Having spent the morning at the Cittadella in Gozo (Cittadella blog here), I am raring to explore other parts of this green and pastoral island this afternoon.
- Start of Trip: Victoria Bus Terminus, Gozo
- Cost of Day: Cheap (£)
I head to Marsalforn this afternoon. Chatting to the 4 Lithuanian backpackers squeezed in with me in the back row, I realise that it’s a well known beach resort. So when I tumble out of the bus at Marsalforn, I ignore the hills and head straight for the water.
It would appear that Marsalforn is a very popular tourist resort, as borne out by the rows of hotels and apartment blocks surrounding  Marsalforn Bay. So I head in the opposite direction of the high rise buildings. Marsalforn Bay is beautiful, so much so that benches have been installed in the seaweed covered rocks for some solitary contemplation.
Eventually, my path along the bay peters out and I have to clamber up some stairs to the main road, to climb the headland. The advantage of this, ofcourse, is that I get some tremendous views of the bay that I’m leaving behind.
I soon arrive at a promenade running along the cliff. It must get very windy up here at times, I surmise, when I come across a tree growing at almost 45 degrees.
I follow the promenade around until that runs out too. At the end of the promenade, down on the beach below, I find some salt pans. However, I don’t think that these are the ones that I’m looking for. So I carry on.
This is now the most featureless section of my walk. It looks like a little holiday resort, built around  Qbajjar Bay. Quite characterless indeed. But once past this little group of village, an interesting rock structure emerges ahead of me. I suspect things are going to get better.
I’m in Gozo, and therefore, as sure as night follows day, one bay follows another. I’m now at  Xwenji Bay. The walk is beginning to take on an air of expectancy as I leave resorts and tourists behind. As I walk around Xwenji Bay, I enjoy stunning views across the bay, back to the rock structure.
As the road reaches a bend around a piece of jutting rock, I notice some  abodes dug into these limestone cliffs. I can’t judge how old they are, but they certainly have relatively new wooden doors keeping them shut.
As I walk along the bay, I come across a bunch of cycling school kids, divers preparing to head out to a wreck, and a pair of swimmers larking about in the shallow bay. That’s it. Compared to Marsalforn Bay, this is a much quieter and remote bay.
When I go round the corner, I finally find what it is I’m looking for. Along the sea is a large patchwork of  salt pans in an extraordinary landscape reminiscent of the surface of the moon. Yes! I have found the salt !
It’s obvious that these are working salt pans, as there are signs stating that the salt pans are out of bounds. And voila, up some steps, in the cliffs above, is a tiny  salt shop run by Mr Cini and his charming wife who keeps him company, crocheting by his side. A lovely old couple. Naturally I purchase some Gozo salt from the Cini’s.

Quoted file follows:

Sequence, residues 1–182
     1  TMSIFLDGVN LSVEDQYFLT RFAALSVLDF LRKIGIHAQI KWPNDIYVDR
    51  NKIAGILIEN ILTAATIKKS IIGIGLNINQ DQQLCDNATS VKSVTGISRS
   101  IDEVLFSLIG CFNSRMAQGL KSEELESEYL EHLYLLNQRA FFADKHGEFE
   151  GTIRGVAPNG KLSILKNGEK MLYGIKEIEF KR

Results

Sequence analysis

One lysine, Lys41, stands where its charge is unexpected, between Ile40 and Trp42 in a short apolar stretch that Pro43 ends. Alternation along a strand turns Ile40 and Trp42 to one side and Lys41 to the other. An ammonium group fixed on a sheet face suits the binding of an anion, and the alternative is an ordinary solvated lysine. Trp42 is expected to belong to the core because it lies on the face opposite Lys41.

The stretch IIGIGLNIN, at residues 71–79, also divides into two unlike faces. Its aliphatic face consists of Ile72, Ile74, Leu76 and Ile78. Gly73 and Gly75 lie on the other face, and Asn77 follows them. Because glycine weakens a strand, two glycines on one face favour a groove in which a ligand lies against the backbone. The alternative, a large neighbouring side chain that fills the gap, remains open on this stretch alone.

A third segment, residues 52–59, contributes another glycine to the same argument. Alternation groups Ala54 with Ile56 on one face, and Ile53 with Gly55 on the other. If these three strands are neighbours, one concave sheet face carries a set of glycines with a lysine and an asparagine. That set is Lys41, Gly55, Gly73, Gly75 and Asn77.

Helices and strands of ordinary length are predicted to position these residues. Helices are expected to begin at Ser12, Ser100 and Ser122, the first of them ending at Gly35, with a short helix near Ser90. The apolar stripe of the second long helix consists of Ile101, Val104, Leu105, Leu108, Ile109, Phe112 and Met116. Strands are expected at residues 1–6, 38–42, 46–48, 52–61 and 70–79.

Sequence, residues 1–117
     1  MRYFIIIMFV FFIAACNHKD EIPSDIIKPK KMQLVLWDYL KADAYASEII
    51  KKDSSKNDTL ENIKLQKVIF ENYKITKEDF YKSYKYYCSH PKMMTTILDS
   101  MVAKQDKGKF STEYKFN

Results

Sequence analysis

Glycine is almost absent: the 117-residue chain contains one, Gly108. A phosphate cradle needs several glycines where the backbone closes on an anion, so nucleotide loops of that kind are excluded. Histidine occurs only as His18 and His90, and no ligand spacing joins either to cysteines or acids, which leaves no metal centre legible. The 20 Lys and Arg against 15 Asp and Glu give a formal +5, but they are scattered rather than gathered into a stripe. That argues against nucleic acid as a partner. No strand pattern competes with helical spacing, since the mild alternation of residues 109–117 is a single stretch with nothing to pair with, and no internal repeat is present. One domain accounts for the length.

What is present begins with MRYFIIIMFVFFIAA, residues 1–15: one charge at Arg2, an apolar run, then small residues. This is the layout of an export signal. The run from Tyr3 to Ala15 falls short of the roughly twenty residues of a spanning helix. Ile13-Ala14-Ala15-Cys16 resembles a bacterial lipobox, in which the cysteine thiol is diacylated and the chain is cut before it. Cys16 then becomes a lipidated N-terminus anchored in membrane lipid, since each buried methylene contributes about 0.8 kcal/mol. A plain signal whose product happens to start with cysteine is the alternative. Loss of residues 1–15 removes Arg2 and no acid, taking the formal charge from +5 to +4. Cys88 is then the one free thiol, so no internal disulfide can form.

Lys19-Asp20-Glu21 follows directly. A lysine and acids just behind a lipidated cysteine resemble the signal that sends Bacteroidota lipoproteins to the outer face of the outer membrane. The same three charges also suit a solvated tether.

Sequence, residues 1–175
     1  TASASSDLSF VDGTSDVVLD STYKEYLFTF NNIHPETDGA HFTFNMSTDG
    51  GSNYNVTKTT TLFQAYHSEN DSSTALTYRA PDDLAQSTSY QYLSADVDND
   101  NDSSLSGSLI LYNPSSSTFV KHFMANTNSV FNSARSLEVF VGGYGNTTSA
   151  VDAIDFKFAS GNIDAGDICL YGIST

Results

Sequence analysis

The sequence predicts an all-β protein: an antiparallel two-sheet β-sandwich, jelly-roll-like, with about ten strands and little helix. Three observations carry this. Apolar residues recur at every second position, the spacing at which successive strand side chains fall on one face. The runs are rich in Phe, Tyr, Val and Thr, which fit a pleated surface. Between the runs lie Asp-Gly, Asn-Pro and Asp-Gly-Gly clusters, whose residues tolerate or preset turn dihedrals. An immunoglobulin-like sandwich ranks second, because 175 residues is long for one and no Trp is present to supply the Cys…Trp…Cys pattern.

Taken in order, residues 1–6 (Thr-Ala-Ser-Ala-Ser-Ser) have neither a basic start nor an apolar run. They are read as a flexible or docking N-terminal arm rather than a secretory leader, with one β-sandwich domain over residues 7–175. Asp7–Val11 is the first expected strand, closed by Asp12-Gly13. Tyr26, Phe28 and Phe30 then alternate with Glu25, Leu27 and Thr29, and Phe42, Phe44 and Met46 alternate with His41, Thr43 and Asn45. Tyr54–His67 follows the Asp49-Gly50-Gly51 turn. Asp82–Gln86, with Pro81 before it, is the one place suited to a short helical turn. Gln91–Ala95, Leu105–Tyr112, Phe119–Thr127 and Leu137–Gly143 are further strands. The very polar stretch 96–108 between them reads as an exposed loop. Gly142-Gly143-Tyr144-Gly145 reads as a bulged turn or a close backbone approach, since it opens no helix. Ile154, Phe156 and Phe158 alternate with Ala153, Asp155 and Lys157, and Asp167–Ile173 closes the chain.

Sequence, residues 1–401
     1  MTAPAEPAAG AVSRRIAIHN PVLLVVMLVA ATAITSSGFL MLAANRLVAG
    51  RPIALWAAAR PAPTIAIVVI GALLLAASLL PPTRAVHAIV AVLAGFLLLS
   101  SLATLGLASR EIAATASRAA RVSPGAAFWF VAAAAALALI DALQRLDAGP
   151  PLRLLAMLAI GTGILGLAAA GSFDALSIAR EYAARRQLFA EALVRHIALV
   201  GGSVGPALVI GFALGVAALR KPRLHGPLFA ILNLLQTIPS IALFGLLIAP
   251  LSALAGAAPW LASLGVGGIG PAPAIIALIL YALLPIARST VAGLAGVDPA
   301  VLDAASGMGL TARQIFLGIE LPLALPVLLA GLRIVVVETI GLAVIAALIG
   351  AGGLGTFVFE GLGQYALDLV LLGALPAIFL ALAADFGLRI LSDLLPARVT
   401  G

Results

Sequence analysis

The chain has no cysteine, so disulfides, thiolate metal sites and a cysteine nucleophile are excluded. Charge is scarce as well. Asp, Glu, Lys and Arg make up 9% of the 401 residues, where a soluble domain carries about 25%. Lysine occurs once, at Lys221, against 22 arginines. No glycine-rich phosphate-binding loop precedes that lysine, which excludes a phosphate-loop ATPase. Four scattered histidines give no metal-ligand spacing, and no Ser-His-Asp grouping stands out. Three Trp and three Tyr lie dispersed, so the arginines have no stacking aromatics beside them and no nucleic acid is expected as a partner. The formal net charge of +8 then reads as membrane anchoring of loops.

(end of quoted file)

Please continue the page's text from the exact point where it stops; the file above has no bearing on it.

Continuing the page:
I wander back to Marsalforn, where I lunch quickly at one of the many touristy, and very average restaurants. Nevertheless, most of the eateries here have great terraces or tables along the pavements. After my late lunch, I jump on the bus back to Victoria. And then onto another bus out to Xaghra.
It’s a busy, busy bus to Xaghra as it coincides with the end of school. After 20 minutes, or so, of synchronised swaying by school children and tourists alike, I get off at the Ggantija bus stop for the  Ggantija Temples, the most impressive of the megalithic temples in the Maltese islands.
The temple complex, a short walk from the bus stop, was built during the Neolithic period. It’s older than even Stonehenge and the pyramids of Egypt. And the reason it’s still standing is down to the Gozo coralline limestone used to build it. Amazing stuff!!
From this ancient temple, I gaze across its strategic position over the valley leading to Ramla, to another temple, St John the Baptist. I must come back tomorrow to visit this church.
And with that thought, I catch the bus back to the ferry. I board the bus on the mainland, looking forward to my roller coaster ride down to Valetta. The first half of the journey back to Valetta is one of the most picturesque bus journeys in Malta. First I pass  The Red Tower, as the bus ascends the slope from Batterija bus stop.
And then at the crest of the roundabout at Qammieh bus stop, I spy through the front window of the bus, the plunging drop down to  Mellihia Bay. This is the area where, allegedly, St. Paul is shipwrecked. He stays in Malta for 3 months and converts Malta, a Roman colony, to Christianity. Which is quite ironic, as he was actually on his way to Rome to be tried for the very same offence.
Following closely behind Mellihia Bay, is the  Mellihia Parish Church. It’s another catch my breath, splendid church which I have to crane my neck to appreciate, given its elevated position.
Finally I come to the last of the bays for the day as the bus circles  Xemxija Bay, the closest point to St. Paul’s Islands. With boats bobbing in the bay, inviting restaurants fringing the bay, a little beach filled with sun seekers, this is quite an appealing place.
The bus climbs the hill to Mosta, and then descends, literally, into urban Malta all the way back to Valetta. It has been a long day at Gozo, but I am baying for more, and will return.
Buses and Ferry Timetables
- Bus from Victoria to Marsalforn – Bus # 310 timetable & route
- Bus from Marsalforn to Ggantija and/or Port – Bus # 322 timetable & route
- Bus from Victoria to Ggantija – Bus # 307 timetable & route
- Gozo Ferry timetable – Walk on service. Payment is only at the Gozo end returning to Cirkewwa
- Buses to Valetta from Cirkewwa – Bus # 41 timetable & route and Bus # 42 timetable& route
- Ggantija Temples (website) – open daily, entrance fee applies